Occam’s Razor tells us that the simplest answer is usually the truth (i.e. the answer that makes the least number of assumptions to arrive at the answer). By this rationale, is it more realistic to believe that, despite all evidence to the contrary, there is an all-powerful divine creature watching out for mankind and occasionally answering prayers or that the concept of gods and devils is pure man-made mythology like so much else we’ve discarded as fiction over the millennia?

The answer is, again, obvious to all but the insane…or the brainwashed. The divine answer makes innumerable assumptions (not to mention excuses) to arrive at an answer while a simple recounting of history makes the second explanation the most overwhelmingly likely choice. Even as a practical matter, the second choice is still the best by far.


New Age mumbo jumbo would have us believe that we make our own reality. They don’t mean this in the Tony Robbins sense – that you can make of your life what you want by working towards your dreams and goals. No, these fools would have you believe that simply wishing for what you want is all that’s required. You heard that right – simply by the power of your mind and no overt physical effort of any sort, you can attract a spouse, money, fame, whatever. It’s all within your reach, they say, if you only wish for it hard enough.

Sounds a little like organized religion telling you their god will provide anything you want if you only have enough faith and pray. Given that there are an awful lot of religious people in the world and at least as much grief, suffering, and unhappiness, I tend to believe the situation speaks for itself. Prayer and wishful thinking are, in equal measure, delusions.

The fact remains that reality IS reality. There is a concrete “here” and “now”. This essay did not simply materialize on your computer screen out of thin air, nor did I imagine it and send it to you by force of will alone. I had to physically sit down, type it out, and post it online. You then had to bump into it by way of a link or a referral. No wishful thinking involved.

If a tree falls in the forest and there’s no one around to hear it, does it make a sound?

Yes, of course it makes a sound! It’s ignorant – not to mention arrogant – to suggest it doesn’t. Our ears do not create the sound, they merely interpret the concussion of the displaced air and the impact of the tree against the ground as the waves travel through the air to our ears.

Do you hear the falling sound in the same way that I do?

Who cares! As long as we can both hear it and agree what it is, that is most important. This is our interaction in reality. It is a wasted exercise to question the obvious – but this is exactly what New Age people love to do. It makes them feel somehow superior to the rest of us.

Every person can agree upon reality because it is that which allows people to interact. If people were all living their own reality, they could not interact and we would have died out as a species long ago. The philosophical theory of Solipsism would have us believe that there is nothing outside ourselves, that reality is entirely a figment of our imagination. If that’s the case, I didn’t even write this – you did! Therefore, you’re only having this discussion with yourself.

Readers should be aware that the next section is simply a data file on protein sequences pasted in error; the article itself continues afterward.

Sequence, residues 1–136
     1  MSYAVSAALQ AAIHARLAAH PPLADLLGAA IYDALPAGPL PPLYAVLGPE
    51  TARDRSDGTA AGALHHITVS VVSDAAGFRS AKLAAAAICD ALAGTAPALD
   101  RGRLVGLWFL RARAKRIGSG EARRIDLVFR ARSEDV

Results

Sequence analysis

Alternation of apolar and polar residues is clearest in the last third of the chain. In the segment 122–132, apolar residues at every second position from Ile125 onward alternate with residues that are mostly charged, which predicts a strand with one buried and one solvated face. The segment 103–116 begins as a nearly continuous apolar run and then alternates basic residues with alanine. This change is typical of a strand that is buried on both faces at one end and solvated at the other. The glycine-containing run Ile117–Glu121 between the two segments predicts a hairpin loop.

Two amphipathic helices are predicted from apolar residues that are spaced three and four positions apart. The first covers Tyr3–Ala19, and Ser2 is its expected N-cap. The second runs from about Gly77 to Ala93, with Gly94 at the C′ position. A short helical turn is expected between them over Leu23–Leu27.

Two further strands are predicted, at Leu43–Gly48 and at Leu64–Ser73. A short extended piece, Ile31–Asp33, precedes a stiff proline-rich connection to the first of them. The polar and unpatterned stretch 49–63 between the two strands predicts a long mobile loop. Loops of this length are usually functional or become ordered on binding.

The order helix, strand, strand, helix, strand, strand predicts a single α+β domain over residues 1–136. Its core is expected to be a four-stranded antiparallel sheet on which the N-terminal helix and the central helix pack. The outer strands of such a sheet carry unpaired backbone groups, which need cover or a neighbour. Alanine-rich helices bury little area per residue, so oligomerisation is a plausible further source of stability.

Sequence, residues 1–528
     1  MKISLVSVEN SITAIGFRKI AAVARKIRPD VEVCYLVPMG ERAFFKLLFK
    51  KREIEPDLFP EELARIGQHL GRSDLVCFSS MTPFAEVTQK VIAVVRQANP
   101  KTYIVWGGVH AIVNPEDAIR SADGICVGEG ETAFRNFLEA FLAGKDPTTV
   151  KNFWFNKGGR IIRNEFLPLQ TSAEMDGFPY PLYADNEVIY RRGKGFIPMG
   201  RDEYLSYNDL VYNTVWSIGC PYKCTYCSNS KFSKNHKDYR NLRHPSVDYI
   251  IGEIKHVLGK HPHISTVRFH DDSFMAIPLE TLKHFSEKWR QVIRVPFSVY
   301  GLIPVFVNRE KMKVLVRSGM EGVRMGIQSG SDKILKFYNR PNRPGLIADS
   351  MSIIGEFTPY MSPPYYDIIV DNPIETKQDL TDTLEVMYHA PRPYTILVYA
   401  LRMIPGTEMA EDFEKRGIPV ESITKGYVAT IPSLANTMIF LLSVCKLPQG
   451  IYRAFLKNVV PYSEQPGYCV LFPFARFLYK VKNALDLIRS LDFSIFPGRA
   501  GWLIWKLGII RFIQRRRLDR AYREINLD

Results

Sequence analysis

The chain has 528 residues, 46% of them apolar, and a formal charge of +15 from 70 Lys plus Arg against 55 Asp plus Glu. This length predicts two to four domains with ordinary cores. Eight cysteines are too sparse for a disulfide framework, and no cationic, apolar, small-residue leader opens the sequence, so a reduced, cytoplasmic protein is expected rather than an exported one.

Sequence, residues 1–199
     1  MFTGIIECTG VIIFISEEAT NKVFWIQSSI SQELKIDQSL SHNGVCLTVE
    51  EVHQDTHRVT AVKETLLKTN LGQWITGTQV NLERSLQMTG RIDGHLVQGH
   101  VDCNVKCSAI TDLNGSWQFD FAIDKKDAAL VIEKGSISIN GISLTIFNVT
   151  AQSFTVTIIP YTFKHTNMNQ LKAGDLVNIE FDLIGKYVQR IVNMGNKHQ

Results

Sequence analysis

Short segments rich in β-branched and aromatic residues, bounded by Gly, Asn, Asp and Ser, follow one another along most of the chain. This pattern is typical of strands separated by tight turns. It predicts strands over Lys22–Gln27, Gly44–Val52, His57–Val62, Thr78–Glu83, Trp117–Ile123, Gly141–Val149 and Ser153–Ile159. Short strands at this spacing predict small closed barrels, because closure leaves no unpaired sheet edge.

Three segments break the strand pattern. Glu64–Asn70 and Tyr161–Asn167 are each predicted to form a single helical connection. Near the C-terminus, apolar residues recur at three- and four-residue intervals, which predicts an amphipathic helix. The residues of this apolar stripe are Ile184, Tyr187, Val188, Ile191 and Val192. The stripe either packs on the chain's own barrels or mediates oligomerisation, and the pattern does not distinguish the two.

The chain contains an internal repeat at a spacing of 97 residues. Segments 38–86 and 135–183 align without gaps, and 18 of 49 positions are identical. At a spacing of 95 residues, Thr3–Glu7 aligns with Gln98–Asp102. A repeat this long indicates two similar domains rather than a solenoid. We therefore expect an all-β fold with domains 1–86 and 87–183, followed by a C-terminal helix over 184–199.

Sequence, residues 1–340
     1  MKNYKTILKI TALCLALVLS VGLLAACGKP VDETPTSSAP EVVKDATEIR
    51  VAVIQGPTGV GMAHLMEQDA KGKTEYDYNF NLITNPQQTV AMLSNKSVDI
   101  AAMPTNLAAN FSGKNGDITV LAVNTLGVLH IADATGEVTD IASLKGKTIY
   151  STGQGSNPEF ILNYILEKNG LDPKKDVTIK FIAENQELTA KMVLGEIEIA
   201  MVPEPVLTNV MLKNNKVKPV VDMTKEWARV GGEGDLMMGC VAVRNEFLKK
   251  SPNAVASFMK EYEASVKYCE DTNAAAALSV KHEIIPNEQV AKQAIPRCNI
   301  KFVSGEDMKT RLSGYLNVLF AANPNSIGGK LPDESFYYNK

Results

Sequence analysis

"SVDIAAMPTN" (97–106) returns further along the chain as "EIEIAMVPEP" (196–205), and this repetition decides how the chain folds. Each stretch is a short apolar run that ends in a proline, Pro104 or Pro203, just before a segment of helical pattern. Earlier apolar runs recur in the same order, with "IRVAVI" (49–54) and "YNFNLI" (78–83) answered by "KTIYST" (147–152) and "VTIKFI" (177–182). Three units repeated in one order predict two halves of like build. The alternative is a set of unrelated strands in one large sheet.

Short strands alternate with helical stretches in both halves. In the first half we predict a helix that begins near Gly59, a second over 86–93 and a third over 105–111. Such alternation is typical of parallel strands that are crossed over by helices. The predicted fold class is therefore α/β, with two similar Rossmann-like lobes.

We will ignore this possibility since to agree with it renders the whole discussion moot; you’d be simply talking to yourself…or I’d only be writing to myself. If this is the case, what’s the point of anything?

Certainly, anyone can believe anything they want, but the fact remains that existing in your own little reality will have you stumbling around in a little padded cell all your own in a very short span of time….then you can believe anything you want, but you will no longer be a part of society or common reality. Anything you have to offer will never be heard – or cared about. Your new reality will not matter, making the whole question of whether you make your own reality a purely academic argument and of very little use to anyone who actually wants to make a change in their life or impact the world at large.

So the idiots in the movie can babble on about making our own reality, but the facts of observable life do not back them up. You can relax at home and wish your life away waiting to win the lottery. But the FACT remains that you will still need to go out and buy a ticket if you have any chance at all of winning.

So, too, with life. You can “wish” anything you want, but you still have to proactively make that wish a reality. “If wishes were horses, everyone would ride” is an old saying, and it’s as true today as ever. Making your own reality is a figure of speech used by the self-help gurus of the world to encourage people to take action, stop crying about their situation, and make their dreams come true. “Stop thinking and start doing” is the message.

This is a positive, proactive approach to taking charge of one’s life and reality. It’s not about mystically altering time and space, but about believing in yourself and your very real ability to change your life for the better – in this reality, not an imagined one.


Part 2



Treatise on Rational Thinking, part 1 — No Comments

Leave a Reply

Your email address will not be published. Required fields are marked *